In Language Arts, Emma Serl’s Language Lessons are used in grades two through six for grammar, composition, poetry memorization, picture study, narration, and dictation. In their language handbooks, children record the rules they are learning for capitalization, punctuation, grammar, composition, and spelling. They should continue to build the same language handbook rather than begin a new one each year.
Children are introduced to Shakespeare in grades three through eight, beginning with age-appropriate versions of his works. Many other types of literature, including poetry, are used in the program, and an Enrichment Reading List offers many more suggestions. You should have time to read many of these “enrichment” books that are of particular interest to you or your children.
Science includes nature study every year, often using Comstock’s Handbook of Nature Study. Each year introduces additional science topics using other resources. For example, kindergarten adds Fun with My 5 Senses for the study of the human body. Fourth grade uses Fulbright’s Exploring Creation with Astronomy (Apologia). Eighth graders study Exploring Creation with General Science (Apologia).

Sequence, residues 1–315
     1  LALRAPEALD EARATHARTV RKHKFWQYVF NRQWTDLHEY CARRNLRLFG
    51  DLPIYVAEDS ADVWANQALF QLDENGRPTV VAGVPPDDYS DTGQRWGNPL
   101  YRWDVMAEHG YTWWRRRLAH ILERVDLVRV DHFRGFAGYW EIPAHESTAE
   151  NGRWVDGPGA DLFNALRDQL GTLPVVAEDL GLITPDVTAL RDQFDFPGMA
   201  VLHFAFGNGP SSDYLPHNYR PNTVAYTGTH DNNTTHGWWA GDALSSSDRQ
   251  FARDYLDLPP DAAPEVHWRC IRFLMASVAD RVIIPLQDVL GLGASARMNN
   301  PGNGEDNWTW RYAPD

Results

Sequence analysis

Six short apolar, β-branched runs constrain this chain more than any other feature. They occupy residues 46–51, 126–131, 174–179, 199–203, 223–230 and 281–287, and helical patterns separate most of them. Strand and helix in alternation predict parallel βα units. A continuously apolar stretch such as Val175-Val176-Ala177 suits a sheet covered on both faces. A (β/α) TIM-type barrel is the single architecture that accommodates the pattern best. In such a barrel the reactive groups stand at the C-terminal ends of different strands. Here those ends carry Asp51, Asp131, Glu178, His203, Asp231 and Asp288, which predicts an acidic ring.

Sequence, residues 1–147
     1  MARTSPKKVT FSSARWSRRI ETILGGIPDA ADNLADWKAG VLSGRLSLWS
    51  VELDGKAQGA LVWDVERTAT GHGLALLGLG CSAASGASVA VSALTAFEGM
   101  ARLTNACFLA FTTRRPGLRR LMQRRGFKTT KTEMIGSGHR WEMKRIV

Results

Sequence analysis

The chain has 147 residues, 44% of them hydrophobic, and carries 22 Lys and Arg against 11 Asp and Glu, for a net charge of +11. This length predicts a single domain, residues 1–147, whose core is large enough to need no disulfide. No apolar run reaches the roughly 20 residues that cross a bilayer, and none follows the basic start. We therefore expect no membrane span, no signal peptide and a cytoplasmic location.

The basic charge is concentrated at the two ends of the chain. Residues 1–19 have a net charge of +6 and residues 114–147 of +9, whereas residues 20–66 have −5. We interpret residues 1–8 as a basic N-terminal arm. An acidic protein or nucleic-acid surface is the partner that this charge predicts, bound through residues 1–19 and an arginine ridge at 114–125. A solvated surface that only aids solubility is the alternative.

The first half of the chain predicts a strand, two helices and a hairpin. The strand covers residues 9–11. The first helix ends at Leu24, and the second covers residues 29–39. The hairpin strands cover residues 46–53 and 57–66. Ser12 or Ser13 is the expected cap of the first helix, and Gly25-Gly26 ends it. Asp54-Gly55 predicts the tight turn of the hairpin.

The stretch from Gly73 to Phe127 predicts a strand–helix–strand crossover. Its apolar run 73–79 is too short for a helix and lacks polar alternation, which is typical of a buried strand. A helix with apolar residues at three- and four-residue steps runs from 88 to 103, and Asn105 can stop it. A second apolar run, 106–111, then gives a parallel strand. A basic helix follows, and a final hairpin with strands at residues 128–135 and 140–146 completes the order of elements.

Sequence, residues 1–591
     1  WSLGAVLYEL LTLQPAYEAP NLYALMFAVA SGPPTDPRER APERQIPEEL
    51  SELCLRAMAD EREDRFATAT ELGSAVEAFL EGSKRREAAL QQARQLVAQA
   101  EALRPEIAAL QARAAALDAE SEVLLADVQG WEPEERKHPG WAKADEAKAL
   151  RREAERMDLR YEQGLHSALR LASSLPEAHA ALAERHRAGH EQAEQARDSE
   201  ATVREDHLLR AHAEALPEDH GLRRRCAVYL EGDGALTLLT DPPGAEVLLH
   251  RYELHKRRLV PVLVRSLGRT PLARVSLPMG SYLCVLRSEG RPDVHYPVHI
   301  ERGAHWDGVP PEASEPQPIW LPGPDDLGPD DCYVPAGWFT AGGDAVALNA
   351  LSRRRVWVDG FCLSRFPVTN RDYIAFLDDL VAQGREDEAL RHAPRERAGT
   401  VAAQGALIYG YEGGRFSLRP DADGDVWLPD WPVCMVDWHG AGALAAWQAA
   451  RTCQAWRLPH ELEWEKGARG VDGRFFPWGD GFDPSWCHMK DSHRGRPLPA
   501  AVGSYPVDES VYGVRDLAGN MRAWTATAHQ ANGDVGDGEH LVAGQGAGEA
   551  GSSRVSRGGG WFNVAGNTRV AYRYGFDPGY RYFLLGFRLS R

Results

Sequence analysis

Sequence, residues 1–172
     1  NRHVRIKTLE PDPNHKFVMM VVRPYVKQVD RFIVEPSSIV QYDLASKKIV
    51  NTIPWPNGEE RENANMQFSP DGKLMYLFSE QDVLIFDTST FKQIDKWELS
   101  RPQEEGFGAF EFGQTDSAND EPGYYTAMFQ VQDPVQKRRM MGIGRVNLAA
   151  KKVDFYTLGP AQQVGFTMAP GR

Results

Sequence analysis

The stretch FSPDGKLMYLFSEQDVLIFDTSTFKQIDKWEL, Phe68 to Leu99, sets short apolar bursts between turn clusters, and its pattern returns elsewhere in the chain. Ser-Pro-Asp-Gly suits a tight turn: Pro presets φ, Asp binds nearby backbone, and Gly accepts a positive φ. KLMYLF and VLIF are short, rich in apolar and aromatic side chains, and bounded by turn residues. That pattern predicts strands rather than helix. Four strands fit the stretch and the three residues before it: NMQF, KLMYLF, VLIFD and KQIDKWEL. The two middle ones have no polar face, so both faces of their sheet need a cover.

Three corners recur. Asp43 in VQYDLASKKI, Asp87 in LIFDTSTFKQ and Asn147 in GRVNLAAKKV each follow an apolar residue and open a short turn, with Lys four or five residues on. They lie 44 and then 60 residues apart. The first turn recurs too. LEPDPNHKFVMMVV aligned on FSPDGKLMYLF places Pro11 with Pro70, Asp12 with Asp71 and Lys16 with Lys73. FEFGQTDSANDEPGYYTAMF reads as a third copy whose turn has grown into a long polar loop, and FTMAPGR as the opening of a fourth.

History and Geography are taught together. Each level except kindergarten includes the study of some aspect of American History and World History. Many levels use a “spine” book—frequently a book from the M.B. Synge Story of the World series from Yesterday’s Classics—along with a selection of biographies, non-fiction, and historical fiction.
The fine arts are assigned higher attention in a Charlotte Mason education than in most traditional approaches. Beginning in kindergarten children study and discuss artworks and learn to listen to music. Art appreciation and artistic expression through various media are taught at all levels.